Strong collaboration with clients – and within the firm
Communication is the basis of effective business. The more you communicate with your clients, the better you are able to understand their requirements. And this helps you identify areas where you can up-sell your services. Good communications within the business will also help you find new opportunities for growth.
Agile client management
Unlike traditional firms, modern accounting businesses can keep up with their clients' requirements – and even stay one step ahead. This increases your value to your client, which in turn allows you to charge more for your services.
A consultative model
Modern firms are focused on providing knowledge, not just services like taxes and bookkeeping. New software is automating basic accounting functions. So selling knowledge is where the market is heading.
Instead of deals made over lunch at the local Chamber of Commerce, modern firms actively market their services. Marketing is now based on social media and dynamic, content-rich websites. You need to be where your clients are.
The view from the top – three main benefits to your firm
Once you've completed the transition to a modern accounting firm, the benefits are significant. These are the big three:
Cloud-based firms can accomplish tasks in less time than traditional firms. With much of the work being automated, what used to take days or weeks can now be done in a few hours.
Spending less time on basic work means you have more time to work with new clients. You also have the marketing tools to reach new clients more easily than before.
More valuable services
Instead of selling basic services, you can give you clients more value by offering business solutions. This gives you ongoing revenue streams. It's also much more interesting and varied work.
In short, modern accounting lets you increase the efficiency of your firm, making you more agile. It gives you better communication and closer collaboration with clients. It lets you use your assets to their full potential.
Do your research
Find out about the state of accountancy. Read websites and publications such as CPA Practice Advisor, Accounting Today and Journal of Accountancy. Look at national and international resources – sometimes it can help to see what firms in other countries are doing. Attend conferences, watch webcasts and learn everything you can about accounting innovation.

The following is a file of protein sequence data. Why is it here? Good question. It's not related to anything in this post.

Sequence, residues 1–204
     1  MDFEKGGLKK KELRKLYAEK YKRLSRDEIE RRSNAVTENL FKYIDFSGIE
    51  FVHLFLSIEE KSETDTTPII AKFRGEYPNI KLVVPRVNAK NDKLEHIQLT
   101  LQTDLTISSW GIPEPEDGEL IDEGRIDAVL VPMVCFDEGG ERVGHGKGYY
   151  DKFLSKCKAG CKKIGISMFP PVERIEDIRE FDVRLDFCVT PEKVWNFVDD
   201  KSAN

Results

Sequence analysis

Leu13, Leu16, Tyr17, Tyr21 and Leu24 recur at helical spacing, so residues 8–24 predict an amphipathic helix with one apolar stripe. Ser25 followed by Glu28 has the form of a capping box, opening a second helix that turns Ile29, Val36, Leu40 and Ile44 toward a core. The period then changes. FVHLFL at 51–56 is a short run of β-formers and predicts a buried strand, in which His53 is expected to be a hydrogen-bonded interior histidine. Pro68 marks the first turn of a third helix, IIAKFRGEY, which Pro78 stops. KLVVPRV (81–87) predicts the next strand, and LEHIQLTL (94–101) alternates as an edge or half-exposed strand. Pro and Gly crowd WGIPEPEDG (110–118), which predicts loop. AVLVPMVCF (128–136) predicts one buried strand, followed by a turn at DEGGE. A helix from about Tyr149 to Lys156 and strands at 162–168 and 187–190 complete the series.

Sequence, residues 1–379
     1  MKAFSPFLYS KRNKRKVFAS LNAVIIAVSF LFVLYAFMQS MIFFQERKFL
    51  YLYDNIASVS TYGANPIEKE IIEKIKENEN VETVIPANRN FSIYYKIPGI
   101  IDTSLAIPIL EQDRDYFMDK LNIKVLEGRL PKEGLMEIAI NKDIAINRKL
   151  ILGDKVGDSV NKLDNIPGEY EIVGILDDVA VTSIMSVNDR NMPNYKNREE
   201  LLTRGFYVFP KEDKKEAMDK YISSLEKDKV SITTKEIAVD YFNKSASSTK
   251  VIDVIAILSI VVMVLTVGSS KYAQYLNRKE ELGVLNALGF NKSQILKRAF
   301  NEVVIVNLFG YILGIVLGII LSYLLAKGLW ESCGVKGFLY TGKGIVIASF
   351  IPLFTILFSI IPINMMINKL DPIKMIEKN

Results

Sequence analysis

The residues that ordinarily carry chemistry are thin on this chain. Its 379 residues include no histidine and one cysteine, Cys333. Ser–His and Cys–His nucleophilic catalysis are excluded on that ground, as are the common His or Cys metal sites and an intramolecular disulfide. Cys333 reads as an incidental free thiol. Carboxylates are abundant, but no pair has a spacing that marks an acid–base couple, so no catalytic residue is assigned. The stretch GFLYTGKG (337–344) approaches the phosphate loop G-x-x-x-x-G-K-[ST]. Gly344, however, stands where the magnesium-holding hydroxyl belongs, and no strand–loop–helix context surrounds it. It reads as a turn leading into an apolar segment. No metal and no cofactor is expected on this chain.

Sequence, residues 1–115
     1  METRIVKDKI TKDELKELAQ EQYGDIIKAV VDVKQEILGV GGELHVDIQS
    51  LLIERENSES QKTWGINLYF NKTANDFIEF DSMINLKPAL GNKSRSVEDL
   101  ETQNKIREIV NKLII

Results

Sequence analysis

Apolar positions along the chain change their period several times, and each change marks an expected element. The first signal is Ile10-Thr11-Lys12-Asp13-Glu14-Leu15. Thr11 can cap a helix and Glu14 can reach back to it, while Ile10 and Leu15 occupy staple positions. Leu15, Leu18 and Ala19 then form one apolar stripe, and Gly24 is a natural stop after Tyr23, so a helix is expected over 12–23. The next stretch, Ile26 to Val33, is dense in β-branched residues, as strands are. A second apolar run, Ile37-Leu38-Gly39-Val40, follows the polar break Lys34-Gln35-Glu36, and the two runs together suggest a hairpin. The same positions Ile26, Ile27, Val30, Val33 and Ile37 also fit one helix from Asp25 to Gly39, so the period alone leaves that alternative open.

Involve your staff and clients
Change is much easier to achieve once you have buy-in from your employees – and your clients. Start by asking your tech- savvy clients about your current services and technology, and what they'd like from you. Create a 'technology team' of staff from various departments within your firm, but make sure it has a clear leader. Identify inefficiencies in your workflows (you can ask your clients here too). Get expert advice on the possible solutions.
Move some processes to cloud software
A lot of basic accounting work can now be automated – so do it. There's nothing magical about cloud-based software. It just means software that stores data on remote servers. This simplifies workflows and means your data can be more secure than it would be on-site. Look into the popular cloud accounting tools and see which ones would work for you.
Choose some initial clients to transition
Start with clients who already understand new technology. That generally means they are younger, usually with fewer than 10 employees. Choose companies such as professional services, creative agencies and online companies. Steer clear of clients with heavy inventory, high transaction volume, or lots of software integrations required – at least to start with.
Attract innovative new clients
Once you become an innovative accounting firm, you'll want innovative clients. That makes it easier to do business. You can find such clients by having a good social media presence. It also helps to focus on specific channels and industries that work well for your business. Don't forget to market your firm through existing relationships with clients. The easiest way to get a referral is simply to ask for it. You can engage with suppliers and partner companies too.
Set you apart from the competition